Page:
• Wash, brush teeth and get dressed
  • Prepare and eat breakfast
  • Have a conversation over coffee
  • Discuss the newspaper, try a craft project, reminisce about old photos
  • Take a break, have some quiet time
  • Do some chores together
  • Take a walk, play an active game

Afternoon Routine:

  • Prepare and eat lunch, read mail, wash dishes
  • Listen to music, do crossword puzzles, watch TV
  • Do some gardening, take a walk, visit a friend
  • Take a short break or nap

Evening Routine:

  • Prepare and eat dinner, clean up the kitchen
  • Reminisce over coffee and dessert
  • Play cards, watch a movie, give a massage

Heather says, “After you’ve organized a daily caregiving routine that seems to work for you and your loved one with dementia, take some time to think about what activities work best and what could be improved.

“Also, don’t overdo it. You are only human, and you also have your own life needs to consider. You don’t have to have an activity for every minute of the day. Your loved one living with Alzheimer’s needs a balance of activities, breaks and rest – and as their caregiver, so do you!”

We encourage you to contact us with any questions you have on memory care or to schedule a tour. Also, we invite you to read our timely articles on dementia care topics posted on our website. In addition to providing exceptional memory care for loved ones with Alzheimer’s disease, we are also an education and support resource for at-home caregivers throughout the Main Line.

We Would Love to Hear from You!

If you have comments or questions about our blog on The Caregivers Checklist of Routines for Your Loved One with Dementia, we’d love to hear from you. We also encourage you to share any of your caregiving experiences in our comments section.

Engaging Days. Meaningful Moments.

Loved ones with Alzheimer’s disease or other memory impairments require specialized care and support. They also deserve a lifestyle rich in dignity and fulfillment. Impressions Memory Care at Bryn Mawr provides residents with Engaging Days and Meaningful Moments that emphasize individual abilities, encourage socialization and promote the highest level of independence possible. We offer a complete continuum of leading-edge programs, services and amenities that address the total physical, emotional and social needs of residents in a caring setting that offers individual suites with large private baths and the comfort of home. Our memory care community touches hearts and changes lives.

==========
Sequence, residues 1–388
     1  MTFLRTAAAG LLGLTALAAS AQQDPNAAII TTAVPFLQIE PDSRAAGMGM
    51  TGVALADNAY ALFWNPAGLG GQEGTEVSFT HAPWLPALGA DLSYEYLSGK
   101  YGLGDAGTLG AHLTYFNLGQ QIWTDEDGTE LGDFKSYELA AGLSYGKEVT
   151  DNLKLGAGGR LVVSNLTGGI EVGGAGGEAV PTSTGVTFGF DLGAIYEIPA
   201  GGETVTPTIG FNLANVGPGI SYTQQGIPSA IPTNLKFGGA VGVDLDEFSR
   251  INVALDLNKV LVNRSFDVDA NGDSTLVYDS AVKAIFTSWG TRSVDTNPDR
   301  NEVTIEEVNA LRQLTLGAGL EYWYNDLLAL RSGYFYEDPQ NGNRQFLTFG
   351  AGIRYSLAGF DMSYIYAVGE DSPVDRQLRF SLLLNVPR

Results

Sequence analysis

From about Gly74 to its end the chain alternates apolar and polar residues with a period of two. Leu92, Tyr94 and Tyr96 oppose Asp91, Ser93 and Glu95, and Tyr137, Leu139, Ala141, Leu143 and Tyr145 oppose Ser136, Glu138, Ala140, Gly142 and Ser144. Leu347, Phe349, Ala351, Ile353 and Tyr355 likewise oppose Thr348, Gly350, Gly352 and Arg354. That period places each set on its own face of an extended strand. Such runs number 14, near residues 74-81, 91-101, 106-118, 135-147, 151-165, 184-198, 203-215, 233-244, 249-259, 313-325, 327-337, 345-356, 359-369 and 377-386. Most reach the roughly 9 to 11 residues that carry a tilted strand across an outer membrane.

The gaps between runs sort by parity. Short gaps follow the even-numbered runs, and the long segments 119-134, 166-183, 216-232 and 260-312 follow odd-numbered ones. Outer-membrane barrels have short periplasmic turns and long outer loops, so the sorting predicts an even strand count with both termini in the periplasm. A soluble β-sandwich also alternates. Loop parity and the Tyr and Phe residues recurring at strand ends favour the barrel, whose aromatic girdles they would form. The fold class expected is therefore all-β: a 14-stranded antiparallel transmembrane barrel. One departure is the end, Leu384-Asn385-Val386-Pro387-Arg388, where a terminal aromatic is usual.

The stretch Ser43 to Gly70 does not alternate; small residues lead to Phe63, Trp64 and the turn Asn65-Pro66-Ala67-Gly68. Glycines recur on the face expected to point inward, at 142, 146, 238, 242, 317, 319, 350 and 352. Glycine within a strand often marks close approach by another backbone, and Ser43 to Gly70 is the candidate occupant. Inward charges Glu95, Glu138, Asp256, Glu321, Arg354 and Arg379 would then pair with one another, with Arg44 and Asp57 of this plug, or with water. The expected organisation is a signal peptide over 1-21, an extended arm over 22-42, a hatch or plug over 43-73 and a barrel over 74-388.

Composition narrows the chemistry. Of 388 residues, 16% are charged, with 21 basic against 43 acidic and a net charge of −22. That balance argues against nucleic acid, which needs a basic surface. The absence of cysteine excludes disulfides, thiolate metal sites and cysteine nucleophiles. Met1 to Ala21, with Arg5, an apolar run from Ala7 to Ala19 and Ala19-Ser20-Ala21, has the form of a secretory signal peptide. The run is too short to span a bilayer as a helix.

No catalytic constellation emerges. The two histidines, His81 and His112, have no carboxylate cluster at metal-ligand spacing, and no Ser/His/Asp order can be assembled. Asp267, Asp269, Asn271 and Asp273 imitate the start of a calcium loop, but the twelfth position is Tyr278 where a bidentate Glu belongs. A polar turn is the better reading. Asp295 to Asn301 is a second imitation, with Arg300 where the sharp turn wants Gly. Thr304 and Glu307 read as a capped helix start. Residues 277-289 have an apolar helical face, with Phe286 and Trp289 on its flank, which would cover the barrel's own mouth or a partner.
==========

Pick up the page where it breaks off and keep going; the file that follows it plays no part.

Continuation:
Helping Families Be “Family” Again

Memory loss caused by Alzheimer’s disease, dementia or another form of memory impairment doesn’t only affect the person who has it – it affects the entire family.

If you have a loved one with early- to mid-stage memory loss, you know how challenging it can be to provide the care that’s needed while trying to maintain balance in your life. As care needs increase, you may not be able to meet them physically or emotionally. It’s often difficult to be available to care for your loved one’s health and well-being around the clock.

If and when the time comes to seek additional help, place your trust in Impressions Memory Care at Bryn Mawr. We lift the stresses and worries of being a caregiver from your shoulders, enabling you and your family to enjoy time with your loved one again.

For more information, please call Sharon at 484.380.5404 or contact us online.

Disclaimer: The articles and tip sheets on this website are offered by Impressions Memory Care at Bryn Mawr and Main Line Senior Care Alliance for general informational and educational purposes and do not constitute legal or medical advice. For legal or medical advice, please contact your attorney or physician.